I never know "detachment" is
a virtue until I attended the workshop entitled "The Virtues Project - the
Singaporean Experience" delivered by Dr. Phyllis Chew, Professor of
National Institute of Education, Singapore. She explained with stories how the
52 virtues can help create caring campus and kinder children. Because of time
constraint, she could only elaborate on several of the 52 virtues.
One of the stories went like this. Dr.
Chew had a doctoral candidate who kept postponing the completion of her thesis.
It had been close to 5 years already.
Dr. Chew asked her to withdraw and yet
she pleaded for half a year more saying that her child was taking up too much
of her time. That had been the reason presented all these years though her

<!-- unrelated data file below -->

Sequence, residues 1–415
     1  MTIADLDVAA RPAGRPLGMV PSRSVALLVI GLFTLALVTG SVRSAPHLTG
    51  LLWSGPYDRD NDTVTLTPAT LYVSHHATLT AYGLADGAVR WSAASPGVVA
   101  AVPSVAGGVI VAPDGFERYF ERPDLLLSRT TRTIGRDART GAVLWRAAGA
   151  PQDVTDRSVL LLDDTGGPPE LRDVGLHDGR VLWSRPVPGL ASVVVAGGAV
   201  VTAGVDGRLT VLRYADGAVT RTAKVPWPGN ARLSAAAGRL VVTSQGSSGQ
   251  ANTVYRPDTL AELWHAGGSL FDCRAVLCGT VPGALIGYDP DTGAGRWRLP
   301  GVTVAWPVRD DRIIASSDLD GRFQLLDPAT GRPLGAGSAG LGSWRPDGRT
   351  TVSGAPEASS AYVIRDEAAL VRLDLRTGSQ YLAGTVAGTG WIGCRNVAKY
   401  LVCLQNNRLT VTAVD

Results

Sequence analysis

daughter was already 10 and there was a domestic helper around.Dr. Chew asked us which virtue could
help her. I looked at the list of 52 virtues and asked if the virtue of
"detachment" could. I was right. It was like an awakening – very
often we are depressed, distracted or disorientated because we are too
attached. Our body and soul are into that something or someone. We grasp it or
him/her as though there would be no tomorrow if we let go! We lose objectivity.
Then it’s time to back off a little to give ourselves and the people around us
a chance. The virtue of detachment can be helpful.
All the participants of the workshop agreed
that they would not only try to implement the Virtues Project in their schools
but would also apply this positive mentality to their own lives as this can
bring about peace of heart and energy to move on.If you want to know more about the
Virtues Project and the 52 virtues, please visit:http://www.virtuesproject.com/education.html